The U.S. Nuclear Waste Technical Review Board met last week to discuss the Deep Borehole Field Test. The U.S. Department of Energy wants to spend $80 million to drill two holes three miles deep in which to dump nuclear waste:
At that depth, even if the nuclear waste canister and melted granite capping leaked, the radioactive materials would supposedly never seep back up to the groundwater a couple miles above. Six such holes could store all of the United Kingdom’s nuclear waste. A single borehole could hold 40% of the nuclear waste (yum, plutonium!) stored at the Hanford dump in Washington State.
Boreholes could be built and filled more quickly and cheaply than mine-style repositories like one proposed for but halted at Yucca Mountain in Nevada; a comparable federal repository isn’t expected to be available until 2048; DOE and Sandia National Labs say these deep boreholes can be constructed in five years.
Drilling for the Deep Borehole Field Test would start in September 2016.
An April 2015 technical paper lays out these criteria for Deep Borehole Field Test sites:
- Less than 2 km (1.2 miles) depth to crystalline basement
- Not at or proximate to a strategic petroleum reserve site
- Not near an urban area 2
- Site area greater than 1 km (about 1⁄2 square mile so that there is ample area for drilling operations)
- Distance greater than about 100 km (about 60 miles) to topographic slope of greater than 1o to avoid deep groundwater circulation 2
- Geothermal heat flux less than 75 mW/m
- Less than 2% probability within 50 years of peak ground acceleration greater than 0.16 g from a seismic event (generally indicative of area of tectonic stability)
- Distance to Quaternary age (< 2.6 million years ago) volcanism greater than 10 km (6.2 miles)
- Distance to Quaternary age faulting greater than 10 km (6.2 miles)
- No known major crystalline basement shear zones or major tectonic features
- Low density of petroleum drilling
- Lack of known existing surface or subsurface anthropogenic radioactive contamination [Frank V. Perry, Bill W. Arnold, and Richard E. Kelley, “A GIS Database to Support Siting of a Deep Borehole Field Test,” IHLRWM 2015, Charleston, SC, April 12-16, 2015, p. 633]
Northeastern South Dakota satisfies many of those criteria. Sandia National Labs agrees: Sandia selected and evaluated three areas as representative locations for the Deep Borehole Field Test: the Texas Panhandle, southern South Carolina, and northeastern South Dakota. Here’s some of what a September 2014 report from Sandia said about the South Dakota site:
Much of South Dakota exhibits characteristics that are potentially favorable for the deep borehole field test, based on the siting guidelines identified in DOE (2013). Depth to crystalline basement rocks is less than 2,000 m with the exception of the northwestern corner of the state (see Figure 2-3), which lies on the southern edge of the Williston Basin. Except for the Black Hills in the southwestern part of South Dakota, topographic relief is generally low, which would tend to limit deep circulation of meteoric groundwater. Seismic risk is low (see Figure 2-2) and Quaternary age volcanism and faulting are absent in the state. Although structural complexity exists in the Precambrian basement, these features are geologically old and major features such as the Midcontinent Rift system are absent. A significant positive geothermal anomaly is present in the south-central part of the state (see Figure 2-1), but conditions elsewhere appear to be generally unfavorable to deep geothermal exploration or development. Major areas of oil and gas production are limited to the northwest and southwest corners of South Dakota, although scattered petroleum exploration drilling has occurred throughout the state. The location of the state in the stable continental interior and the geological data indicate a tectonically quiescent environment [Bill W. Arnold, Patrick Brady, Mark Sutton, Karl Travis Robert MacKinnon, Fergus Gibb, and Harris Greenberg, Sandia National Laboratories, “Deep Borehole Disposal Research: Geological Data Evaluation, Alternative Waste Forms, and Borehole Seals,” Sandia National Laboratories for U.S. Department of Energy, 2014.09.05].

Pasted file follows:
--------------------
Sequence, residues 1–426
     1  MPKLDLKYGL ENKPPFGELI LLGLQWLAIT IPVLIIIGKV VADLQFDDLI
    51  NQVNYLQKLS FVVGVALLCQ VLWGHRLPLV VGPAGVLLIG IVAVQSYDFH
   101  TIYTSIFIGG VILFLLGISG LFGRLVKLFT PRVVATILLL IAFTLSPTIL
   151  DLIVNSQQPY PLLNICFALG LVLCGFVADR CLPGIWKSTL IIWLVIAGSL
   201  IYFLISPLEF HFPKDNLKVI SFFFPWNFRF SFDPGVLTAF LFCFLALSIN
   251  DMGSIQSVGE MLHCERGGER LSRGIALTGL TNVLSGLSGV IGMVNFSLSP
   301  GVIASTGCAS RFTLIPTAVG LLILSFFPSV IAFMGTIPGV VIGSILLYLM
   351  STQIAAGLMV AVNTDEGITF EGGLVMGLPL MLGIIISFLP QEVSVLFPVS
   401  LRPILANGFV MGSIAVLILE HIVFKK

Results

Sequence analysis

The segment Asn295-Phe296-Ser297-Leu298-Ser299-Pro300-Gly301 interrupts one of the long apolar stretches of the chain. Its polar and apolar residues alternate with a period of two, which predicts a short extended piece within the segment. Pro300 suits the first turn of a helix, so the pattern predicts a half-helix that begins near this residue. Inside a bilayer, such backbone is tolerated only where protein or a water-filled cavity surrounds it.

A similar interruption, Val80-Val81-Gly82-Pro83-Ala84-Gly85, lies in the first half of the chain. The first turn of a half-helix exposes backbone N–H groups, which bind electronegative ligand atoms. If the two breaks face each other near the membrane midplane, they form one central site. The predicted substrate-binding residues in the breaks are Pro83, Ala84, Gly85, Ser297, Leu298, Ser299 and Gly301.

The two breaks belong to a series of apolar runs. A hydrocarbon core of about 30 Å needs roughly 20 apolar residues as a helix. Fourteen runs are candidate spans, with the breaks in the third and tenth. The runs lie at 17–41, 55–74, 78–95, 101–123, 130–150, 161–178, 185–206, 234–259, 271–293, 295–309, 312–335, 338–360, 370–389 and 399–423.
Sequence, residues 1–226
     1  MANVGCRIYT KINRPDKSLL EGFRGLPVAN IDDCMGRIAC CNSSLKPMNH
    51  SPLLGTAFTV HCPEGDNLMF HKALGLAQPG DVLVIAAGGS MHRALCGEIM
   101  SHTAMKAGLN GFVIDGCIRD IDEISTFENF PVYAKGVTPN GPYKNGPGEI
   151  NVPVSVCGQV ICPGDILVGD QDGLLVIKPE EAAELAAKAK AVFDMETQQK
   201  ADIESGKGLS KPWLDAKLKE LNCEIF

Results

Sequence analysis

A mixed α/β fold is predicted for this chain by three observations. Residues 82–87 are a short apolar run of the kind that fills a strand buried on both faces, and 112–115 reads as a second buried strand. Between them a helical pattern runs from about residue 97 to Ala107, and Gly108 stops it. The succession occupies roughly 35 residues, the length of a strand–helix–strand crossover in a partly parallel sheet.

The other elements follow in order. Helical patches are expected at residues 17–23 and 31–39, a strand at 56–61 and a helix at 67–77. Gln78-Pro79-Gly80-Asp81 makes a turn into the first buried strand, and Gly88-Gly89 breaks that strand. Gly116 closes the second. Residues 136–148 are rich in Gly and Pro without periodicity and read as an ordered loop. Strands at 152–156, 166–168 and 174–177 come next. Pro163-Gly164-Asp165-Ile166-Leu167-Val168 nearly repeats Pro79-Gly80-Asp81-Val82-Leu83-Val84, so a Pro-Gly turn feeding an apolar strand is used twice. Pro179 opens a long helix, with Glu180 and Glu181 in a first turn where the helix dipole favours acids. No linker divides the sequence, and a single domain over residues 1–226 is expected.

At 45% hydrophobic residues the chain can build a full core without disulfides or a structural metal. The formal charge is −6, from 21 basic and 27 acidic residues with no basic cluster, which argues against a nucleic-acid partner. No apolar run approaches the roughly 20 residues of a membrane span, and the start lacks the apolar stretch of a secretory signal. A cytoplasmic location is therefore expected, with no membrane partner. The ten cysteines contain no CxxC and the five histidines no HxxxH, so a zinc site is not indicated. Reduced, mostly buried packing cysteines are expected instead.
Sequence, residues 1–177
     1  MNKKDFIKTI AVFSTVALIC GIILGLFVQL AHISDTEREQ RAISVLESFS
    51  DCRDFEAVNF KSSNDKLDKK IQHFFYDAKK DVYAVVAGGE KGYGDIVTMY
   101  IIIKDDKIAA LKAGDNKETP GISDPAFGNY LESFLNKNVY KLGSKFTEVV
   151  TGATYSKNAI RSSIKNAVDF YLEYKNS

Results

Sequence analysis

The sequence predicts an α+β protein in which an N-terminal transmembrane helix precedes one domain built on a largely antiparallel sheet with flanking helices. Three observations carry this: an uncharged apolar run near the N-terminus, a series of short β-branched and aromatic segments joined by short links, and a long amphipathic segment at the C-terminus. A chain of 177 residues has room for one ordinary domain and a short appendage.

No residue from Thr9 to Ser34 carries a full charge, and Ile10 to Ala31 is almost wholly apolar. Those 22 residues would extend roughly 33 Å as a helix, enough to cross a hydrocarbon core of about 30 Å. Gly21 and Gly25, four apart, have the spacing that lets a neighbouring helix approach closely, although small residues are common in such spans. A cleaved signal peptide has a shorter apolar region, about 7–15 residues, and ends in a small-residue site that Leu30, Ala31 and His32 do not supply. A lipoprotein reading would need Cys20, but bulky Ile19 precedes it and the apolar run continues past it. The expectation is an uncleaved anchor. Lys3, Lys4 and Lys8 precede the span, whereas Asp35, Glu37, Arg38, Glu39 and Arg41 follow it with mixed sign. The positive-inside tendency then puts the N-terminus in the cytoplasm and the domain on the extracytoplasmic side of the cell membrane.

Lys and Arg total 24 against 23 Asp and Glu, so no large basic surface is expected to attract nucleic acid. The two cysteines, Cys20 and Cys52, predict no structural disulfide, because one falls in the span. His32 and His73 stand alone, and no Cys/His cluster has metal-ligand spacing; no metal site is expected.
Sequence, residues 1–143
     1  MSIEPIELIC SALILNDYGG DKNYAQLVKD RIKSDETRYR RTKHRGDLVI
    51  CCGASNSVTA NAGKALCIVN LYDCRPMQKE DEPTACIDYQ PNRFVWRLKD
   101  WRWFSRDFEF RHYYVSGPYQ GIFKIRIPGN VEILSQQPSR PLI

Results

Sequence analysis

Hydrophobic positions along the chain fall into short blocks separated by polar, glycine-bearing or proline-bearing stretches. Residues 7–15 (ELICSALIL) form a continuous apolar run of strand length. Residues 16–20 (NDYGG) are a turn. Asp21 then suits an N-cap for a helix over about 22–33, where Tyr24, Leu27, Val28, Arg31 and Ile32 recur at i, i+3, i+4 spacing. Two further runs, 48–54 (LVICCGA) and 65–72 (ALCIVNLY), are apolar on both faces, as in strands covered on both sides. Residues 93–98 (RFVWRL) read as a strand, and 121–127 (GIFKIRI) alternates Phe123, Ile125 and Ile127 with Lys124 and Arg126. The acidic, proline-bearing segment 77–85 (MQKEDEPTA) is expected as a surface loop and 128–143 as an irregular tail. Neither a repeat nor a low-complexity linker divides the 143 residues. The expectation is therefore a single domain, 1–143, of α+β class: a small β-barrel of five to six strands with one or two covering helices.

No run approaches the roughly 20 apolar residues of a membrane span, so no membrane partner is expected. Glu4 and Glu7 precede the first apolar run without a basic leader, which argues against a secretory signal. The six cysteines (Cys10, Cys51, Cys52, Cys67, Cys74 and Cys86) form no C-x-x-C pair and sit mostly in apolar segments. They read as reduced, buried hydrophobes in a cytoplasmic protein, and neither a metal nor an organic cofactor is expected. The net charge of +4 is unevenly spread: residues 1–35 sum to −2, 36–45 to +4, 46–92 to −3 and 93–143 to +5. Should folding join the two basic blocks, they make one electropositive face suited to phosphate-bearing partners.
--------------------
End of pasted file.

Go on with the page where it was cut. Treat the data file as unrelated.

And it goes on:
Sandia focused its research on the area of South Dakota marked in the red rectangle below, since the sedimentary layer there is even shallower, generally less than 1,000 meters:
We’ve seen evidence that Governor Dennis Daugaard supports bringing nuclear waste to South Dakota. Sandia National Labs has a well-placed friend here in South Dakota, their former consultant Heather Wilson, who is now president of the South Dakota School of Mines and Technology, whose geology experts would play a key role in advising the state in inviting such a project to our bedrock.
Recall that Governor Bill Janklow tried to bring nuclear waste to the opposite corner of the state in the early 1980s. South Dakotan revolted and blocked the Edgemont nuclear waste dump plan in a 1984 ballot initiative that passed 62% to 38%. Perhaps the Governor will want to consider whether voters would respond any more favorably to having nuclear waste trucked into the heart of South Dakota’s farm and pheasant land.
Update 10:40 CDT: I’m reminded to read my own archives. The last time this blog discussed the Daugaard Administration’s hankering for nuclear waste, the Governor’s Office shared with the press a February 22, 2012, letter to U.S. Energy Secretary Steven Chu regarding research on using South Dakota shale deposits for nuclear waste disposal. In that letter, Governor Daugaard said he could “see no reason not to conduct this research, as long as this proposition does not obligate the state of South Dakota to accept nuclear waste. Any such decision will be made based on the results of rigorous scientific study and a vote by the citizens of South Dakota. I will not support the storage of spent nuclear fuel in South Dakota without an affirmative public vote.”